Article ID : 00105626 / Last Modified : 01/15/2015

How to take pictures at night in low light using an interchangeable lens camera.

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Noise standing out or camera shaking with slow shutter speed are some of the challenges experienced when shooting night scenes.

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[1] Lots of noise
[2] Camera shake

This techniques introduces taking beautiful night scene shots. Follow the hints below to capture photographs of beautiful night scenes and gorgeous decorative lighting.

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Depending on your camera model, you can select one of the scene selection modes below.

  • Shooting with the Superior Auto and Scene Selection (SCN) functions.

    • Using Superior Auto
      Your camera is equipped with the Image(Superior Auto) shooting mode to reduce mistakes when shooting night scenes.
      This mode automatically recognizes dark situations such as night scenes and decorative lighting and combine a series of image at a high speed to generate a single clear photograph.

    • Using SCN
      Select the modes below when using SCN.

      • Night Portrait
        Slows down the shutter speed and allows more light to reach the image sensor; this helps brighten the background of the picture. However, because the shutter speed is slower, blur from camera shake can occur more easily. Ensure the subject does not move to prevent the image from blurring. Depending on your shooting situation, using a tripod may be recommended.

        IMPORTANT:
        • Use the flash when shooting portraits in dark places.
        • Do not use the flash when shooting night scenes of still subjects at a distance.
      • Night Scene
        Shoots scenes at a distance without losing the dark atmosphere of the surroundings. In this mode the shutter speed is slow too and ISO sensitivity is set low to minimize noise. Using a tripod is recommended.

        NOTE: Pictures may not develop properly when shooting in an entirely dark environment.
      • Hand-held Twilight
        Shoots night scenes with less noise and blur without using a tripod. A burst of shots are taken and image processing is applied to reduce subject blur, camera shake, and noise.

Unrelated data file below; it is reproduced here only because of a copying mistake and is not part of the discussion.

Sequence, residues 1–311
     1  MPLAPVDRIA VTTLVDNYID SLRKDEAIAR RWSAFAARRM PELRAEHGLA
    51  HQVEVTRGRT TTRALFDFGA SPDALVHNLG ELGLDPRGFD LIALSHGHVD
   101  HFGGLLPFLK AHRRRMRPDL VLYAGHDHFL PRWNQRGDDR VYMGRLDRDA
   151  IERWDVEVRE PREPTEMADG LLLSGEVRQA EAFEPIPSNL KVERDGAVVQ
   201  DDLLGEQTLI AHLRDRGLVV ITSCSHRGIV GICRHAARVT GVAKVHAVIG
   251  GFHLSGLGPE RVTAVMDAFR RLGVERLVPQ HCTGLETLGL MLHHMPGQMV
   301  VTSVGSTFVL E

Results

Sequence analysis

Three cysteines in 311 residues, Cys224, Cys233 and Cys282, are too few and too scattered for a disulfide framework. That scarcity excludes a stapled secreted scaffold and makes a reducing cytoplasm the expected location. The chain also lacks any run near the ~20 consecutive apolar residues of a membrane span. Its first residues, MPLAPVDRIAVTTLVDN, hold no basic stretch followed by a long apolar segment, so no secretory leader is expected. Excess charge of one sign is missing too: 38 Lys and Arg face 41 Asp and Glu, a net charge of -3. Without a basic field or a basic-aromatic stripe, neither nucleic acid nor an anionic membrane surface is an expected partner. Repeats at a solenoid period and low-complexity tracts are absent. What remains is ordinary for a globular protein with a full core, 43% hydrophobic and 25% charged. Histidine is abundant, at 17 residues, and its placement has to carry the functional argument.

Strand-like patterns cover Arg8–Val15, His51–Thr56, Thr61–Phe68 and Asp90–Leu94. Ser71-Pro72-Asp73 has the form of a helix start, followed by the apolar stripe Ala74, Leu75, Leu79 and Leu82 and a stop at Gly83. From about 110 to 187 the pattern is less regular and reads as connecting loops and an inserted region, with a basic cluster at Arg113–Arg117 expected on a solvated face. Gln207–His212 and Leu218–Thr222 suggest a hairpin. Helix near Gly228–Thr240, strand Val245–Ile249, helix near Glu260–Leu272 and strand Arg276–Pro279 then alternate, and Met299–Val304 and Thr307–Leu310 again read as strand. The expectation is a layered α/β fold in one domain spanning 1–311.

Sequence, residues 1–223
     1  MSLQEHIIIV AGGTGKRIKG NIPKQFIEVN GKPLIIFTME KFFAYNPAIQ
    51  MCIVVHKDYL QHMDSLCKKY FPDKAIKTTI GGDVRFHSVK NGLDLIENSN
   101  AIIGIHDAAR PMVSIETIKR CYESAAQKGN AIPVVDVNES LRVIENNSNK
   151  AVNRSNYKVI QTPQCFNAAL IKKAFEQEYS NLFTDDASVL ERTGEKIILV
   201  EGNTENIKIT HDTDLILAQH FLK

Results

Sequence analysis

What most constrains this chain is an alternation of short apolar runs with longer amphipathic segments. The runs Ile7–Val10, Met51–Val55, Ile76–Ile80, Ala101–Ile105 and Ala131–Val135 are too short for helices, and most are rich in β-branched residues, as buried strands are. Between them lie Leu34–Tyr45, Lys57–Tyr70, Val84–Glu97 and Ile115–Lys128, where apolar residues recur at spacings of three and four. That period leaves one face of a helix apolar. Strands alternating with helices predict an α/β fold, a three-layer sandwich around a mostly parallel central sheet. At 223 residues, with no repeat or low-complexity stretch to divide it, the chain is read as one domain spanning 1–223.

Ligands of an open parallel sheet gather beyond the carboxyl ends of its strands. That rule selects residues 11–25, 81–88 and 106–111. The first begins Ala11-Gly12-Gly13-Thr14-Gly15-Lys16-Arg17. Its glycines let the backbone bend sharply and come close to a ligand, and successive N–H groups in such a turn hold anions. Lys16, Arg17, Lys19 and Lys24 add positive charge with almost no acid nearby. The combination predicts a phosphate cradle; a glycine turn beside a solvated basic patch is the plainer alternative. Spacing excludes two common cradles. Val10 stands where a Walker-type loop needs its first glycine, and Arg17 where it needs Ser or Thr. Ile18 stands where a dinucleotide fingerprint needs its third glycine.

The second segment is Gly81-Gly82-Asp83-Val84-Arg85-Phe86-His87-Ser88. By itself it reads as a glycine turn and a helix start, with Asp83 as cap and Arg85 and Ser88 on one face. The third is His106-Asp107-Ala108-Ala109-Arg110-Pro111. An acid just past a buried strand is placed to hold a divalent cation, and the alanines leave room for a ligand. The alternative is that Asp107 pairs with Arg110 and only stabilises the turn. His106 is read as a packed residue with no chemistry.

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      • IMPORTANT: Block noise may occur when shooting near a light source that flickers, such as fluorescent lighting.

        NOTES:
        • Reducing blur is less effective in Hand-held Twilight when shooting:
          • Subjects with erratic movement.
          • Subjects too close to the camera.
          • Subjects with a repeating pattern such as tiles, and subjects with little contrast such as sky, sandy beach, or lawn.
          • Subjects with constant change such as waves or waterfalls.
        • Do not move the camera while capturing photos. Hold the camera still until Processing... is displayed.
  • Shooting crisp or defocused night scenes and decorative lighting
    • Aperture Priority mode (A).
    • This is recommended when shooting photographs where the full screen is in focus or photographs with the foreground or background is beautifully defocused.

      NOTES:
      • Close the aperture (increase the F-value) to take crisp photographs.
      • Open the aperture (decrease the F-value) to take defocused photographs.
      • Camera shake occurs when pressing the shutter button even when using a tripod, use a remote commander or set the self timer to 2 seconds.
    • Example of closing the aperture and putting the entire screen in focus
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      • Shooting mode: A (Aperture Priority)
      • ISO: 200
      • F-value: F8
      • Shutter speed: 2.5 seconds (using tripod)
      • Exposure compensation: None
    • Example of shooting with the aperture open and defocusing the background
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      • Shooting mode: A (Aperture Priority)
      • ISO: 320
      • F-value: F2
      • Shutter speed: 1/80 second
      • Exposure compensation: 1.7